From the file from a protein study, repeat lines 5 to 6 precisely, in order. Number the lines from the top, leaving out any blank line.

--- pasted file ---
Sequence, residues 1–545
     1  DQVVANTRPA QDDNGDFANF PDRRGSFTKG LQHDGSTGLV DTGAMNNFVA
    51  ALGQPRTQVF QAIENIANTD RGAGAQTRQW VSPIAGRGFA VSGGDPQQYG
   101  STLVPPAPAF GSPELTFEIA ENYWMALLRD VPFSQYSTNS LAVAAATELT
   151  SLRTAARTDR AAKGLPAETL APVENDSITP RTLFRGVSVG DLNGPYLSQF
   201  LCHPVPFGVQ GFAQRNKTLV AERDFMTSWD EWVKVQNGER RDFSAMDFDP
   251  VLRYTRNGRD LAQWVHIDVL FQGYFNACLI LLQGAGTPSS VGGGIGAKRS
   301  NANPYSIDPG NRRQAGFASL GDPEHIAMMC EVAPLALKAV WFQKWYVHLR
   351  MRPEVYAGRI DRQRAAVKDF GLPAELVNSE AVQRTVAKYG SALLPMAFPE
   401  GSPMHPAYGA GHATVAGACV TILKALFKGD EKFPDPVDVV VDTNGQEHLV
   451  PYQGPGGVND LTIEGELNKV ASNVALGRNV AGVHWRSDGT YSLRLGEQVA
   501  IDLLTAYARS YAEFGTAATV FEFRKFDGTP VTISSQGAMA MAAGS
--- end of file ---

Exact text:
   151  SLRTAARTDR AAKGLPAETL APVENDSITP RTLFRGVSVG DLNGPYLSQF
   201  LCHPVPFGVQ GFAQRNKTLV AERDFMTSWD EWVKVQNGER RDFSAMDFDP